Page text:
A 29 gallon aquarium is a perfect size for new aquarists and experienced hobbyists alike. It's large enough to contain a variety of different fish, and it's small enough to make it easy to maintain. When it comes to stocking your aquarium, there are many different types of fish to choose from.
It's important to note that not all fish have the same space requirements. For example, a small school of neon tetras may only take up a few inches of space in the tank, while a single large cichlid could take up several inches on its own. Additionally, some fish species are more sensitive to water quality and require more frequent water changes and filtration.
When determining how many fish to keep in a 29-gallon aquarium, it's important to research the specific fish species you're interested in and consider their size, growth potential, and bioload. Some fish species are more sensitive to poor water quality and require more frequent water changes, while others are hardier and can tolerate less-than-optimal water conditions. It's also important to consider other tank inhabitants, like live plants, snails, or shrimps, when determining how many fish to keep in a 29-gallon aquarium. These also have a bioload, and might require additional water changes and maintenance.
It's important to consider the type of fish you want to keep, for example, if you want to keep only one type of fish, you will be able to have more of them. But if you want to keep a variety of fish in your tank, you will have to limit the number of each species. Ultimately, it's always better to have fewer fish than to overcrowd your tank. Overcrowding can lead to poor water quality, which can stress or even kill your fish. It's best to err on the side of caution and start with a smaller number of fish, and then gradually add more as you become more comfortable with the maintenance of your aquarium.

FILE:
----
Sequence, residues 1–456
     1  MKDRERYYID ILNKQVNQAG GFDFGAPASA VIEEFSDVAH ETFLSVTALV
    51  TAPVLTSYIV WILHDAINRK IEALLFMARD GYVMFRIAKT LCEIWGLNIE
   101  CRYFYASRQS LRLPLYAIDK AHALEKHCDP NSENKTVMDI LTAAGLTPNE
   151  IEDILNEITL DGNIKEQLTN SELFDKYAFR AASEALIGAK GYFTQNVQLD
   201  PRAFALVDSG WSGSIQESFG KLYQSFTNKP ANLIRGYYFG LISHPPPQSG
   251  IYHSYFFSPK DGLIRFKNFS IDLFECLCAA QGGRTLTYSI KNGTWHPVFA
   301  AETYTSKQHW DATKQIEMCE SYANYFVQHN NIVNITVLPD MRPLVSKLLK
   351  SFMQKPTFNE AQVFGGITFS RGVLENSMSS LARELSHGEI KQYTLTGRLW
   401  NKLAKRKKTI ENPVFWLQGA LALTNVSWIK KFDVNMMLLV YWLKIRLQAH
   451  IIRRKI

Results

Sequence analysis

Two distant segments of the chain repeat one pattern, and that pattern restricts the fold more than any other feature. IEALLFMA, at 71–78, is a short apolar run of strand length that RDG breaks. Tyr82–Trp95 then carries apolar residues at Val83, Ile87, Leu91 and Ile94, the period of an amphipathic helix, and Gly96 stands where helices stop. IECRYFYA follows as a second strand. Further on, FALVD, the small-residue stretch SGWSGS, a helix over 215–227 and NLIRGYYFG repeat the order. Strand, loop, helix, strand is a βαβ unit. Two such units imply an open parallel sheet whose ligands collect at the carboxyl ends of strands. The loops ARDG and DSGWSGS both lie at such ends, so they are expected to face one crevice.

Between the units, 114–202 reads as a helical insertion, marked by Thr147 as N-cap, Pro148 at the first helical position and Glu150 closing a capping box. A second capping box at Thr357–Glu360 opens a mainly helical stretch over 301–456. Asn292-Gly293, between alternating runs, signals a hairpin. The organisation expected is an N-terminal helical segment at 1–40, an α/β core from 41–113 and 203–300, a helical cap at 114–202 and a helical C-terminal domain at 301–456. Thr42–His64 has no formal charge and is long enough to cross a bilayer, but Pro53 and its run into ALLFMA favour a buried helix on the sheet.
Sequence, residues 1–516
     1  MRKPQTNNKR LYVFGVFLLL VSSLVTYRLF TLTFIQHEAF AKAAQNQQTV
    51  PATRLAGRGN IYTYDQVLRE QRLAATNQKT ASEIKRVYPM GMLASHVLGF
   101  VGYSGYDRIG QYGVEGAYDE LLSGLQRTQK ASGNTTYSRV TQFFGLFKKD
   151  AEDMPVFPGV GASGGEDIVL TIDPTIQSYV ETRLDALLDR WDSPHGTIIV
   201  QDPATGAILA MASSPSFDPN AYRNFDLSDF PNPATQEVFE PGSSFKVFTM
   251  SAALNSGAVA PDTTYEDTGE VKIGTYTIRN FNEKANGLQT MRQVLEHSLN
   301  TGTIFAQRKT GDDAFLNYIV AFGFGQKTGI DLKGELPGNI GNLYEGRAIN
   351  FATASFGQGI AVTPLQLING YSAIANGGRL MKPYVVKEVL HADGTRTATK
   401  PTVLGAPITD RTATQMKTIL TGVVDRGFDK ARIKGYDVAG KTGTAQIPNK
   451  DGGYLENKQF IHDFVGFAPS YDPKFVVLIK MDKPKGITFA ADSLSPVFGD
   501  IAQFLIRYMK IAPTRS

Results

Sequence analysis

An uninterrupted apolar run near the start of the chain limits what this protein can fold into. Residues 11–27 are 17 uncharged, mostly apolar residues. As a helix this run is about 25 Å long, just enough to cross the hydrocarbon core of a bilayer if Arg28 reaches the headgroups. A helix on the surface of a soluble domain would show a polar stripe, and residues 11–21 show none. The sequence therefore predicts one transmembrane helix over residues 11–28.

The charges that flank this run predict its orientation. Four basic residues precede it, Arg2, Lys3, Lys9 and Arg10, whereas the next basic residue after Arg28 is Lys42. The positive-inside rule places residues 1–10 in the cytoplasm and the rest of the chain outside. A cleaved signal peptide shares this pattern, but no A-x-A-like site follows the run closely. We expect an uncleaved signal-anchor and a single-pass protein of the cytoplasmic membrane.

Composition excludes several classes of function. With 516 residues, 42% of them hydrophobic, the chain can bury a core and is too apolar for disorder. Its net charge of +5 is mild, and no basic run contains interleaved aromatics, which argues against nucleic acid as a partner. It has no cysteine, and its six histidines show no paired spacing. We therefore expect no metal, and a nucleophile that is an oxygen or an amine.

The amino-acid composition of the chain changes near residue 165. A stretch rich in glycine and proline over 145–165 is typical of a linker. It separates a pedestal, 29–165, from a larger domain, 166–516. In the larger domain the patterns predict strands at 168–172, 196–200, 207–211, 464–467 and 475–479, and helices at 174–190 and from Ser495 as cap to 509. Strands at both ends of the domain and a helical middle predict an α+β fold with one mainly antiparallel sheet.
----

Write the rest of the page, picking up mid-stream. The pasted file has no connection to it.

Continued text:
Here are a few options that you may consider:
- Schooling fish: Fish like neon tetras, guppies, and danios are small and can be kept in a group.
- Small cichlids: Some smaller species of cichlids, such as Apistogramma or Rams, may be appropriate for a 29-gallon tank.
- Shrimp: Invertebrates such as cherry shrimp or ghost shrimp can be a good addition to a 29-gallon tank as they are small and don't require a lot of space.
- Snails: Mystery snails or nerite snails are examples of freshwater snails that are suitable for a 29-gallon tank.
- Community fish: Some community fish such as tetras, rasboras, and barbs that are small in size and can be kept in a group.
Tropical fish are a popular choice for aquariums because of their vibrant colors and interesting behaviors. Some examples of tropical fish that can be kept in a 29-gallon aquarium include:
- Small tetras: Some examples of small tetras that can be kept in a 29-gallon tank include neon tetras, cardinal tetras, and rummy nose tetras.
- Small livebearers: Some examples of small livebearers that can be kept in a 29-gallon tank include guppies, platies, and mollies.
- Small corydoras: These small catfish can be a great addition to a 29-gallon tank.
- Small gouramis: Some small gouramis such as honey gourami or dwarf gourami can be kept in a 29-gallon tank.
- Small angelfish: Some small angelfish species can be kept in a 29-gallon tank such as the pygmy angelfish.
It's important to remember that regardless of the fish species you select, a 29-gallon tank is still relatively small and will have limitations on the number of fish and the types of fish that can be kept. It's best to start with a small number of fish and gradually add more as you become more comfortable with the maintenance of your tank. It's also important to ensure that your tank is properly cycled and that you have the appropriate filtration and water-change schedule in place to maintain water quality.